By all rights, Dak Prescott is the kind of guy that, in a sports context, I should hate.
For openers, he’s the starting quarterback of the Dallas Cowboys, a team on the very short list of teams that I despise, for historical and geographical reasons, and darn it, for common sense.
Prescott is quite talented, In four years in Dallas, he’s thrown for almost 16,000 yards and nearly 100 touchdowns. For that, he’ll earn about $32 million this year with the promise of likely $40 million next year, when he’ll be 28 years old.
So, add rich and gifted to young and handsome and famous and you have plenty of reasons for envy. And yet, I can’t hate Dak Prescott. In fact, in many ways, he’s a hero.
This past week, Prescott revealed that he has struggled with feelings of anxiety this year. Upon hearing these words, no doubt, your immediate reaction might be “Welcome to 2020, Dak. Come on in. The pool is crowded.”
But, Prescott should be noted, if not celebrated, for overcoming significant barriers to acknowledging his status.
First, in an athletic context, there is a definite stigma against admitting a weakness, much less one that doesn’t show up on an injury list. Sports figures are expected to be stoic and strong, to suck it up, to shut up and play.
If nothing else, the millions of dollars these athletes make, presumably for playing kids games, are supposed to serve as incentives to keep their mental anguish internal, if they’re even allowed to have such pain.
After all, how bad can life be when you’re living out a dream and getting ridiculously paid to do it?
But Prescott’s struggles would hardly be alleviated by his money. His mother, Peggy, died of cancer while he was in college at Mississippi State.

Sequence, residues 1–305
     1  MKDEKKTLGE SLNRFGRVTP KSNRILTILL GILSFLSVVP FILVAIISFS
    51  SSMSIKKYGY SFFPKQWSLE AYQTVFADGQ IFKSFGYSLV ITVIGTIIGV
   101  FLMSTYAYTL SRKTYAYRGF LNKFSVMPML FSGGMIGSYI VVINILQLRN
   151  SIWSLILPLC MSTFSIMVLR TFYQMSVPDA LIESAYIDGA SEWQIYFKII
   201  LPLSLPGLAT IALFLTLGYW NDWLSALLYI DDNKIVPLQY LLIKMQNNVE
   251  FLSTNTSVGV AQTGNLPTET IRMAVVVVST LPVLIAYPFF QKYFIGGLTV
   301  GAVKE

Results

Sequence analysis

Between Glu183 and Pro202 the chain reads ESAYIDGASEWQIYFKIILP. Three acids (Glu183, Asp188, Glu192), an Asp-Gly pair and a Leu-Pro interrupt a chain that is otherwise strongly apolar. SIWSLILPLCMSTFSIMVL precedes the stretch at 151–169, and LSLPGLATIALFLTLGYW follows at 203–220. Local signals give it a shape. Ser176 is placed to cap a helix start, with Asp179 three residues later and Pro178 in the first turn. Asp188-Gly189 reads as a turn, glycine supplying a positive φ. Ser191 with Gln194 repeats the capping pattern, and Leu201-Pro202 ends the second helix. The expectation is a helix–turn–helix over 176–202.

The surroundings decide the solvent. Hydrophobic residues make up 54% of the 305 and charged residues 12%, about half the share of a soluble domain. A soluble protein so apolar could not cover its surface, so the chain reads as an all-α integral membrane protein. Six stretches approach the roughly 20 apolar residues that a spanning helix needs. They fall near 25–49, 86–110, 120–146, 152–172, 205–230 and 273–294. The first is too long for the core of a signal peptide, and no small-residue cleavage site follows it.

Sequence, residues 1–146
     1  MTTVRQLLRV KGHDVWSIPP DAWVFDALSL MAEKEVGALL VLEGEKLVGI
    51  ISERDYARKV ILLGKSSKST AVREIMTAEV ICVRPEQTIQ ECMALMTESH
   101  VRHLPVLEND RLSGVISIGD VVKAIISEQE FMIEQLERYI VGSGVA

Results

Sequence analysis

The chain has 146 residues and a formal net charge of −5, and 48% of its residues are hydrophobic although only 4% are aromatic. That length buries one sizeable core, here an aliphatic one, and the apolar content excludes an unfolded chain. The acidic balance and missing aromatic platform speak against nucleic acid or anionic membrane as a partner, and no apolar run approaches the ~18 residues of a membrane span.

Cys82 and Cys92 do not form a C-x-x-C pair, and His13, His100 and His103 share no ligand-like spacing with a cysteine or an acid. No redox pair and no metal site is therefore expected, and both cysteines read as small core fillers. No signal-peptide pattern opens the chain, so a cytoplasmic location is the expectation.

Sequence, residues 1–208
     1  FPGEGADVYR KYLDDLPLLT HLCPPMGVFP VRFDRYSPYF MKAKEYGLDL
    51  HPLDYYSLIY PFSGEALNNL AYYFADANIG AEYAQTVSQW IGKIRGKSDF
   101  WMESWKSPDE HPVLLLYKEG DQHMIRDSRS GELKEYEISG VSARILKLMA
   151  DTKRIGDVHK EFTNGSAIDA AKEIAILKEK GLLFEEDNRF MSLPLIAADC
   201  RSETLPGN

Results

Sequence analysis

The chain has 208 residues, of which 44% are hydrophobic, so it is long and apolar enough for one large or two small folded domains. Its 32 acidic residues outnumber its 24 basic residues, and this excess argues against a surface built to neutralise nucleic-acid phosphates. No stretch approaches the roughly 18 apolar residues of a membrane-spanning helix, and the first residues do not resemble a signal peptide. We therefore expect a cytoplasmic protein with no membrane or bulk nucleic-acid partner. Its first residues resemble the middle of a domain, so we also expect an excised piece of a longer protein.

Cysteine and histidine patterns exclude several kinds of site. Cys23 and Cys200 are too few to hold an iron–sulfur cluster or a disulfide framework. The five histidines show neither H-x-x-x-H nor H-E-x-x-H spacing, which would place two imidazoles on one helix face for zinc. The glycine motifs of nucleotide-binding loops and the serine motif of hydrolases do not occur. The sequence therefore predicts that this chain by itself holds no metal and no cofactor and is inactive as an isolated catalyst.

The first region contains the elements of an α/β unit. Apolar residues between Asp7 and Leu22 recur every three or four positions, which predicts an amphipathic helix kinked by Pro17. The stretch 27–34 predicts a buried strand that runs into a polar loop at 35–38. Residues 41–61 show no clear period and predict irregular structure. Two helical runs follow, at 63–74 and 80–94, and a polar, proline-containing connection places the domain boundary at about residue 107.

And, in April, his older brother, Jace, committed suicide while public speculation raged over whether Dak Prescott would sign a new contract in Dallas.
In that interview, Prescott said he experienced anxiety throughout the year mixed with depression oddly enough just before his brother died. Prescott said his brother had lived with their mother and witnessed her battles with her illness first-hand, apparently never dealing with those emotions himself.
Indeed, Jace Prescott’s struggles to acknowledge his inner demons are an all-too common occurrence in the Black community. African Americans are often discouraged from acknowledging their mental health issues.
Sadly, and often tragically, the idea of speaking to a therapist or psychologist or psychiatrists is frequently anathema for many people of color.
And, to make Prescott’s matters worse, some troglodyte named Skip Bayless had the temerity to say on a nationally televised sports talk show that he couldn’t respect Prescott’s admission because quarterback is, in his words, the ultimate leadership position in sports.
In Bayless’s warped perspective, a man who admits a problem can’t be a leader. In truth, Dak Prescott’s humanity probably saved a life, which makes him more of a man and a leader than Skip Bayless or people who think that way will ever be.
I still don’t like the Dallas Cowboys, but I will always be a Dak Prescott fan.
And that’s how I see it for this week. Thanks for listening and enjoy the games.